Posts Tagged ‘ Warmth ’

The Architect’s Inner Dialogue: Inspiration and Information…

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Creative people tap into their inner dialogue and use it to fuel inspiration and in the decision making process in their chosen medium. Artists, actors, singers, and dancers all have this heightened sense, and use it to their advantage.

How does the Architect use this inner dialogue to better their designs and aid in their execution? The Architect’s language is specialized combining the technical and artful to bring their designs to reality. The inner dialogue surfaces at any given time, there is no downtime for an Architect, ideas  can come to them anywhere, anytime… it is this freedom to enable the inner dialogue that creates lasting structures, beautiful design and functional structures.

Design is about the evolution of an idea through revision and trials and thought. It is about the process of a design and how the idea can be translated to be useful for the real world. Form, function and beauty are mainstays to Architecture and this inner dialogue of the Architect allows the ideas and dreams to flow, to evolve and challenges to be solved. It is the way the Architect creates this inner speak that can develop a project and create something for their client that they never imagined. Positive inner dialogue can bring excellent results, as they expand the boundaries of their design acumen and utilize them in their projects.

An Architect relies upon their technical knowledge plus their artist’s sensibility to design successful projects and make their clients happy. It is how they utilize their inner dialogue and how they question themselves that can bring innovation, based in their acquired knowledge of this very difficult and demanding field. Tapping into the inner dialogue and speaking within themselves to question or affirm, can bring about new ideas and design techniques and lead them to more clients and larger projects.

 

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Green Spaces that Work… Beyond Concept to Functionality

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There have been many trends in Architecture and lifestyle, but I think the “green” trend has inhabited every aspect of our lives. In its concept, “Green” living refers to… “a lifestyle that attempts to reduce an individual’s or society’s use of the Earth’s natural resources and personal resources. Practitioners of green living often attempt to reduce their carbon footprint by altering methods of transportation, energy consumption, and diet.” As defined by Wikipedia. This concept has permeated the zeitgeist and made positive strides in health and well-being. Green living has affected how we live, shop, eat and exercise and in Architecture it has affected how residential and commercial construction is designed.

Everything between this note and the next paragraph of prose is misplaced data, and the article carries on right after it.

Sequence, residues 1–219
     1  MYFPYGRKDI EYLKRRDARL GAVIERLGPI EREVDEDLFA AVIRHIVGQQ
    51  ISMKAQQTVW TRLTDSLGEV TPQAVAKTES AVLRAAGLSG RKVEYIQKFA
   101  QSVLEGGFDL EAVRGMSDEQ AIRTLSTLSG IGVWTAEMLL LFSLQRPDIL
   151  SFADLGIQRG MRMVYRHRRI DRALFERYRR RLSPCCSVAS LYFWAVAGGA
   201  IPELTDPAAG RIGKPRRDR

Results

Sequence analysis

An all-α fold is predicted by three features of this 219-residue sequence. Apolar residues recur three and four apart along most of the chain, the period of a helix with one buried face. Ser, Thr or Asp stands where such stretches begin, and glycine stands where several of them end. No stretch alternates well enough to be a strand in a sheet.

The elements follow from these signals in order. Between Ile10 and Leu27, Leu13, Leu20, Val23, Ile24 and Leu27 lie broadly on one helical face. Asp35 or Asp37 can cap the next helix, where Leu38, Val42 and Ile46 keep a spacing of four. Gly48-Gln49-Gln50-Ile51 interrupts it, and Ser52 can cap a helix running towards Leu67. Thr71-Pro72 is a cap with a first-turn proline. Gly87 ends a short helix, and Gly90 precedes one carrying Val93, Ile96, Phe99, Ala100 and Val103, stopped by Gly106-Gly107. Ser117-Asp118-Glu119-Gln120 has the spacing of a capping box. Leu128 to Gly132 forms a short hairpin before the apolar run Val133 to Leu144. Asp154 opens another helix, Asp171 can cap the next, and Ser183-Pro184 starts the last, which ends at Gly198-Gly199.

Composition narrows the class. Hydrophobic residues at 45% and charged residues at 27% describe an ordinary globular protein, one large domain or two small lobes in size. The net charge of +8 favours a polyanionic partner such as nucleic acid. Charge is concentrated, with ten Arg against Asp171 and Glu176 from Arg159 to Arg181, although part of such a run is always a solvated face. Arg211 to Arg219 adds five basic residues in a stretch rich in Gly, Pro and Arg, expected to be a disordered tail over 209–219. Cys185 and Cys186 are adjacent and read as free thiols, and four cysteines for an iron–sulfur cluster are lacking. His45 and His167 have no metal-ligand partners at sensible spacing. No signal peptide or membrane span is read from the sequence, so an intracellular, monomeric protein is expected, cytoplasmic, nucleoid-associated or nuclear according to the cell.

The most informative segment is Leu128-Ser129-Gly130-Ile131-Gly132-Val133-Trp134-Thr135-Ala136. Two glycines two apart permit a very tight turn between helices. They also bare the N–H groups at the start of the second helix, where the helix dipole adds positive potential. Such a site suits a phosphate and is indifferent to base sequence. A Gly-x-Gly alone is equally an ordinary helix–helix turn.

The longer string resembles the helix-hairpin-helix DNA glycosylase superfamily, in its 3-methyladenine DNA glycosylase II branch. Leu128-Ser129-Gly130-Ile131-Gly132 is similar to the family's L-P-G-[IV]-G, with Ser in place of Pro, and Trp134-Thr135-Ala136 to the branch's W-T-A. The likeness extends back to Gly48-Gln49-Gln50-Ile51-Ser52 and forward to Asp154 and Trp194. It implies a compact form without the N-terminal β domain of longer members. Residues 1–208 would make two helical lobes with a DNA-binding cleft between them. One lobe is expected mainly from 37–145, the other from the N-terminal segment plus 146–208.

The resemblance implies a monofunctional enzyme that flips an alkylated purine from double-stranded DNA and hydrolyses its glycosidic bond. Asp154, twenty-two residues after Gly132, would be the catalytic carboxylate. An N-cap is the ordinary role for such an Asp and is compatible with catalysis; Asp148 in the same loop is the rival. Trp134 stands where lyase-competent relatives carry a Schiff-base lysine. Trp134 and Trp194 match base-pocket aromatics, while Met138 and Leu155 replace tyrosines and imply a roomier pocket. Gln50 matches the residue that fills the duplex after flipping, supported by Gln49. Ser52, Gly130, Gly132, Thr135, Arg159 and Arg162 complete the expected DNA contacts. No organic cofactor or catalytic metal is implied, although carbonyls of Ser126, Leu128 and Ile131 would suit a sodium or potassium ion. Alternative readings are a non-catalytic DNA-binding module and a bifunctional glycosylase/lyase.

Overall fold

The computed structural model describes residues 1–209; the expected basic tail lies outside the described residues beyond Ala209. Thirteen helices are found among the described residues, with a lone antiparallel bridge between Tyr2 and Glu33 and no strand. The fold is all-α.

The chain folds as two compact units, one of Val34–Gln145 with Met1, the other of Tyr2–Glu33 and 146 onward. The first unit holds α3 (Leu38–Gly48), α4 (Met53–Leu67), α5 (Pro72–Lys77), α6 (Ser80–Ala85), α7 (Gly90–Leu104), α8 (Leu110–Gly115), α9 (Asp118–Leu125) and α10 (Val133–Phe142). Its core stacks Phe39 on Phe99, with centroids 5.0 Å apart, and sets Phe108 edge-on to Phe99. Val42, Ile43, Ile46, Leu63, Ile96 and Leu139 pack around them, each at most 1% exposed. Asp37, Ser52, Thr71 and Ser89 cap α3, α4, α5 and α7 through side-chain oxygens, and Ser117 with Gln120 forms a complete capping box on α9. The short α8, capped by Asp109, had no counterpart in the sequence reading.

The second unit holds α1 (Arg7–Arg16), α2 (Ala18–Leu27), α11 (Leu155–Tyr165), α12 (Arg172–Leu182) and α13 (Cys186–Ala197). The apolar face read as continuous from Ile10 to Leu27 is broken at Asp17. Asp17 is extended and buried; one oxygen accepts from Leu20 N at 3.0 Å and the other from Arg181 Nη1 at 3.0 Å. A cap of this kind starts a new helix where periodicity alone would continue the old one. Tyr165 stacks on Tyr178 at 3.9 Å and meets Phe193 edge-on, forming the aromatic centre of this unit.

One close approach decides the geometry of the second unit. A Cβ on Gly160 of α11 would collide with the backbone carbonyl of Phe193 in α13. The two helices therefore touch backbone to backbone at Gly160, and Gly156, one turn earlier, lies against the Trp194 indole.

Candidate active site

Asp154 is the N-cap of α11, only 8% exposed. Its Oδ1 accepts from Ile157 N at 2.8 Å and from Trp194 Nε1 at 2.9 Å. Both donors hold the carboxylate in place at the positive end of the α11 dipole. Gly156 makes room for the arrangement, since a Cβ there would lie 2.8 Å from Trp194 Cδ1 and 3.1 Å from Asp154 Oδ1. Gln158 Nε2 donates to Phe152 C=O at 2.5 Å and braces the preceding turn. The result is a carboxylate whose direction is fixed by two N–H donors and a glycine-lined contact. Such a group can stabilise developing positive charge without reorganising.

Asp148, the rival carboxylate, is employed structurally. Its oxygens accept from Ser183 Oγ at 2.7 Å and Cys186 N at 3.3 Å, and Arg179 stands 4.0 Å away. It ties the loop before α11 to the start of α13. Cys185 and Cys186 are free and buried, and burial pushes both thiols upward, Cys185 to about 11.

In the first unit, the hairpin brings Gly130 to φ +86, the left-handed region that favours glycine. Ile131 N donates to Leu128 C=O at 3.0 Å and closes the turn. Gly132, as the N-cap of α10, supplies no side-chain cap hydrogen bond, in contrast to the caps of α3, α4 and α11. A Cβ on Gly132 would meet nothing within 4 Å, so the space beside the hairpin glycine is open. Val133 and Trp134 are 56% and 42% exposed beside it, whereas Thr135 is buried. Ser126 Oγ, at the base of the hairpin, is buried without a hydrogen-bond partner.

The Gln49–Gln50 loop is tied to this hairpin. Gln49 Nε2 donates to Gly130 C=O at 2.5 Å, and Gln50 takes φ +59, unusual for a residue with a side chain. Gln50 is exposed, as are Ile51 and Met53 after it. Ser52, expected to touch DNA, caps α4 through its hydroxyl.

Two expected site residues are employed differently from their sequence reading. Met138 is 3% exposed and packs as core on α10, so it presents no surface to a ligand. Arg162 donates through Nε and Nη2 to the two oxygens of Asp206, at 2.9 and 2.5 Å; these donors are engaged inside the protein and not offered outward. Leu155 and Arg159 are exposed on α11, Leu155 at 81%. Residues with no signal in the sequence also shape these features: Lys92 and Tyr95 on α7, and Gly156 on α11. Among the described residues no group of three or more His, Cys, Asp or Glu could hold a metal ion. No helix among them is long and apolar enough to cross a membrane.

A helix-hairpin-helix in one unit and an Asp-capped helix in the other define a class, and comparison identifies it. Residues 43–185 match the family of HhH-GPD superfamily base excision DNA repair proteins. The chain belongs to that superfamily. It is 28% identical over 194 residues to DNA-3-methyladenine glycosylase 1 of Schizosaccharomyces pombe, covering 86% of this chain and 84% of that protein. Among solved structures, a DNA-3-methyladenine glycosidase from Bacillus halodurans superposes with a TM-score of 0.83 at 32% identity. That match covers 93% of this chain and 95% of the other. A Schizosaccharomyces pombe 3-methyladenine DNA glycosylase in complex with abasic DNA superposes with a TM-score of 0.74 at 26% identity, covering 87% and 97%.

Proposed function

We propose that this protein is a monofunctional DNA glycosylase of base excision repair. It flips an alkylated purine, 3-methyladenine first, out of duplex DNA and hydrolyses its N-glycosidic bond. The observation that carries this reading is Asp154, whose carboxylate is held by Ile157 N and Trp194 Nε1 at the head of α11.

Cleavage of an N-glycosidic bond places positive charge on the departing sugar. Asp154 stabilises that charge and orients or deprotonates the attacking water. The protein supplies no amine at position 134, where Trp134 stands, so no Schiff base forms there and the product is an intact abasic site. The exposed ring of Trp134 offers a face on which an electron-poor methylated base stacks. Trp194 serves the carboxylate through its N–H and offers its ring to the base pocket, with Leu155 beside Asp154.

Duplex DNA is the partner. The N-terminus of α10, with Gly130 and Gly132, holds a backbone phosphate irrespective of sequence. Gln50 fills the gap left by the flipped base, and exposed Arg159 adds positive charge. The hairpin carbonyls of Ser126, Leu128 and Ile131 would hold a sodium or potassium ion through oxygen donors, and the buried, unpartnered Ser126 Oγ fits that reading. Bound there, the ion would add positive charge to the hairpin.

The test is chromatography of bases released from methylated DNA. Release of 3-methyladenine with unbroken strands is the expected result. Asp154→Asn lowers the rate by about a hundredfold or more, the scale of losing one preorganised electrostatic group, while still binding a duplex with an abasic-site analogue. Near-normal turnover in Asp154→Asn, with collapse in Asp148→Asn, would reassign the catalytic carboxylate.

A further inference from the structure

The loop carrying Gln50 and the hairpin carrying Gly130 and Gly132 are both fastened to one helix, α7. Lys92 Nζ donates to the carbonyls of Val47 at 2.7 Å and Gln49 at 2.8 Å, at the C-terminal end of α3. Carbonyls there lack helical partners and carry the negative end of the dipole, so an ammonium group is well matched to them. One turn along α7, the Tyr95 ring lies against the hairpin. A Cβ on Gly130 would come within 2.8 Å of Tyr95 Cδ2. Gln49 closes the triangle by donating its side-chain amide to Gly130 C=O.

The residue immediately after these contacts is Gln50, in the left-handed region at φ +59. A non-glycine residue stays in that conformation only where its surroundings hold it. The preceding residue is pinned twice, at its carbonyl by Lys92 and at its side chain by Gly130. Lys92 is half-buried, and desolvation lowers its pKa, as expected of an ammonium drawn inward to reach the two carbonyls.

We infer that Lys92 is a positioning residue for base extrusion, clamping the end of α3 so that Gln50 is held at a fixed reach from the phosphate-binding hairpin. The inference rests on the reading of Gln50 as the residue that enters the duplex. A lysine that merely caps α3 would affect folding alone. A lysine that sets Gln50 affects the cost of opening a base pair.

From reducing our carbon footprint, saving energy, consuming less, eating well and living in a less excessive style, everyone can benefit from a green lifestyle. In designing a  home, office or commercial space, what materials will we use and how will we heat, cool and light spaces? In a true green space, the ultimate goal is reducing energy consumption, reducing cost and maintaining and supporting the environment.

How does the designer take aspects of making a green home or office from the drafting table to reality? There are many aspects to include in this equation: geography, space, building codes, and how to make the space as green as it can be within certain guidelines. Lighting, heating and cooling, and energy sources come into play as well as plant based design to incorporate within areas of a home or office, to create energy and improve air quality and even create a food source.

Materials that aid in this concept are another major component of a green space. Using recycled materials, natural materials that are sustainable and durable are important. A truly green space considers every alternative to wasteful and high cost materials and strives to create a new and more affordable yet still high quality design.

Building codes and regulations also should be included within the design plan, in an urban environment especially. There are many regulations put in place long before sustainable homes or workspaces became popular, so the designer must adjust to these rules. How will the designer incorporate these new ideas into an old framework of codes and regulations? For example, the Client wants a “living” wall, of plants or an indoor vertical garden for a food source or air quality source, will their building allow this and how will it be maintained. These types of new features must be studied and researched and the designer must be sure that not only can it be installed but that it can also be maintained by the client.

I think that in the flurry of excitement around having a “green” space, sometimes the functionality factor can be neglected. When designing this type of home or office, it is more imperative that the research, development and execution of these new features be more examined and that the proper experts are involved in the installation of these green features. “Green” is not just a trend, when done successfully the Client’s daily life is improved and their home or office can truly be economically more sound and their well-being improved.